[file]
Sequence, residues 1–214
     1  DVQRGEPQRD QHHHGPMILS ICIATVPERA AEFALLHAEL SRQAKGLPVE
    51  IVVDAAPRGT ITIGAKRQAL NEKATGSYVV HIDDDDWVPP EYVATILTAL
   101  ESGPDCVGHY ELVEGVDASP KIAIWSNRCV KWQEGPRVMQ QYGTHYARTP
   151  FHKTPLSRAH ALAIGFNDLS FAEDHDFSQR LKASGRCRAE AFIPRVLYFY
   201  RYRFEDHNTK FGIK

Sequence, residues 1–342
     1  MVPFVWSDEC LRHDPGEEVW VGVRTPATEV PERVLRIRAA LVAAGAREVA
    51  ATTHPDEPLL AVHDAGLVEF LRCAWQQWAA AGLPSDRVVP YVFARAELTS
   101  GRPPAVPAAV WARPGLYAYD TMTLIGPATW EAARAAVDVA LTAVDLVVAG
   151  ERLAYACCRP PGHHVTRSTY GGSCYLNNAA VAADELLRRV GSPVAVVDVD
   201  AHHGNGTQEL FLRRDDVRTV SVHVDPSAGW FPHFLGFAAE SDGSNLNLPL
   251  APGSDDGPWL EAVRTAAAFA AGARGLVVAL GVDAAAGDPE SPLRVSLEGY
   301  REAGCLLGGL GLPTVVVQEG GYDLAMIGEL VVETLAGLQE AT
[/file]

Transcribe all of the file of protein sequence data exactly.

Sequence, residues 1–214
     1  DVQRGEPQRD QHHHGPMILS ICIATVPERA AEFALLHAEL SRQAKGLPVE
    51  IVVDAAPRGT ITIGAKRQAL NEKATGSYVV HIDDDDWVPP EYVATILTAL
   101  ESGPDCVGHY ELVEGVDASP KIAIWSNRCV KWQEGPRVMQ QYGTHYARTP
   151  FHKTPLSRAH ALAIGFNDLS FAEDHDFSQR LKASGRCRAE AFIPRVLYFY
   201  RYRFEDHNTK FGIK

Sequence, residues 1–342
     1  MVPFVWSDEC LRHDPGEEVW VGVRTPATEV PERVLRIRAA LVAAGAREVA
    51  ATTHPDEPLL AVHDAGLVEF LRCAWQQWAA AGLPSDRVVP YVFARAELTS
   101  GRPPAVPAAV WARPGLYAYD TMTLIGPATW EAARAAVDVA LTAVDLVVAG
   151  ERLAYACCRP PGHHVTRSTY GGSCYLNNAA VAADELLRRV GSPVAVVDVD
   201  AHHGNGTQEL FLRRDDVRTV SVHVDPSAGW FPHFLGFAAE SDGSNLNLPL
   251  APGSDDGPWL EAVRTAAAFA AGARGLVVAL GVDAAAGDPE SPLRVSLEGY
   301  REAGCLLGGL GLPTVVVQEG GYDLAMIGEL VVETLAGLQE AT